There are many VMS who do this and the technique has existed for years. It is a commonly known method that is well documented in the public domain.

What is missing from most vendors implementations are several critical elements which are addressed by the HauteSpot MVE system:
  • Inbound Mobile Ingest of Cameras - It is all well and good to be able to view your cameras remotely over 4G, but connecting your cameras to the VMS over cellular is a different story. This requires uplink speed, which rarely exceeds 500kbps and can be extremely variable. MVE dynamically adjusts the uplink speed to fit the available bandwidth. It is not preset to a low "live view" rate and size. If you have good bandwidth, you will get a better image.
  • Persistence - Most VMS have no ability to deal with the constant disconnects of cellular. Roaming between cell towers, changing IP addresses, and lost signal all contribute to loss of connection. MVE makes and keeps persistent connections that have been proven to work on cellular networks in the worst conditions (hurricane Irene, tropical storm Sandy, floods and hot weather).
  • Remote Record with Transfer - The HauteSpot microNVR allows remote recording at full frame rate and resolution at the camera source. It then provides a persistent connection to the MVE server and the dynamic rate adaptation which adjusts to changing available bandwidth. It also allows remote, chain of evidence transfer of the high resolution video from the remote site in batch.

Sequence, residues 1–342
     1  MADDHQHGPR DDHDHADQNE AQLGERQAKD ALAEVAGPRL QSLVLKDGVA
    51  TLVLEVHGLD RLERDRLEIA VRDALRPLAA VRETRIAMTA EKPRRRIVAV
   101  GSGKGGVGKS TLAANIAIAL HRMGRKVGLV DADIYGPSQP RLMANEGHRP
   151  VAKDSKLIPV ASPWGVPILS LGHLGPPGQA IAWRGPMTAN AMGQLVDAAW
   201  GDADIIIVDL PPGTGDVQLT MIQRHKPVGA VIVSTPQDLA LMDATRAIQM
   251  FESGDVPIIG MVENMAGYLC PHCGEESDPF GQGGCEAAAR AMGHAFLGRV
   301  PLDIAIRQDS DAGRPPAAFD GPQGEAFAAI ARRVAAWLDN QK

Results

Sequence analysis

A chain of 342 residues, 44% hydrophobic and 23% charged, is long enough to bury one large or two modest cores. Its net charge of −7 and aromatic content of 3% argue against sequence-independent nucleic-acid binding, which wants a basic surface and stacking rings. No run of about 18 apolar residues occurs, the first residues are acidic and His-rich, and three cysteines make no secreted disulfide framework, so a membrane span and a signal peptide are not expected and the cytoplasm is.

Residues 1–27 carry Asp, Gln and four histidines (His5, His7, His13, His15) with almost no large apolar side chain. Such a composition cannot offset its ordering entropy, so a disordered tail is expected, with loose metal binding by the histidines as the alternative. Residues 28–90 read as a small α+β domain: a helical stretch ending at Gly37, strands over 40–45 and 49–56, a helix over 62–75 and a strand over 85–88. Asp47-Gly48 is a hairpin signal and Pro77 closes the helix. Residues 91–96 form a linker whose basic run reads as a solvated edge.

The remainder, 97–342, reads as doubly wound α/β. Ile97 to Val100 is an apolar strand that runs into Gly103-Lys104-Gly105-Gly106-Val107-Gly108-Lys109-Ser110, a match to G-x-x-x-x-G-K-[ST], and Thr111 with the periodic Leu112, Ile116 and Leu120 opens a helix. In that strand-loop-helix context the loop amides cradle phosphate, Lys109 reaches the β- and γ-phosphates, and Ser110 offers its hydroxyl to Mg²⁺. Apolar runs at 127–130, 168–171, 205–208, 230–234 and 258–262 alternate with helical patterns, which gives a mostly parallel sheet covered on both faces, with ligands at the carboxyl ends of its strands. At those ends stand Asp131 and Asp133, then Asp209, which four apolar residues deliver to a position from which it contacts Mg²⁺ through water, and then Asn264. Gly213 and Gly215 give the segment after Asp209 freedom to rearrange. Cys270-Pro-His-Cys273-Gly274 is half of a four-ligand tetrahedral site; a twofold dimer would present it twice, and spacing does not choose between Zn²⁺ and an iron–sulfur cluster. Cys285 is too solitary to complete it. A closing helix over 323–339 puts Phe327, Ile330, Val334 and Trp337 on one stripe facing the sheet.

There is a big difference between transmitting full resolution, full frame rate, full quality video over cellular and sending a transcoded or down-res version of video from megapixel sources. Know what you are getting.

VMS IP Video Decode Capacity Vs Record Capacity

As we walked the show we asked a simple question of a number of VMS vendors "How many 1080p 30fps live streams can you simultaneously display (assuming that they had a multiple monitor video card on their system)?" The answers ranged from 4 to 64. And the answers were coming from field application engineers, not sales people.

A VMS provides a number functions including recording video streams to disk, displaying live and recorded streams, providing search capabilities, etc. The answers that we got indicated that the vendors really did not understand the difference between storing video and decoding video for display.

Again, IP VMS systems receive incoming video streams from cameras. These are typically either H.264 or MJPEG streams that have a fixed frame rate, resolution and compression profile as set on the camera. Most VMS systems will receive the video stream and write it to disk. This function does not require any significant CPU or GPU functions, since it is really just network IO. The system is limited only by the bandwidth of the network as to how many streams it can support. Disk IO is generally faster than network IO.

Tom's Hardware Benchmark for H.264 encoding
Displaying a live or recorded stream does require CPU and/or GPU resources. A stream must be read and decoded for display. This is significant work for a computer.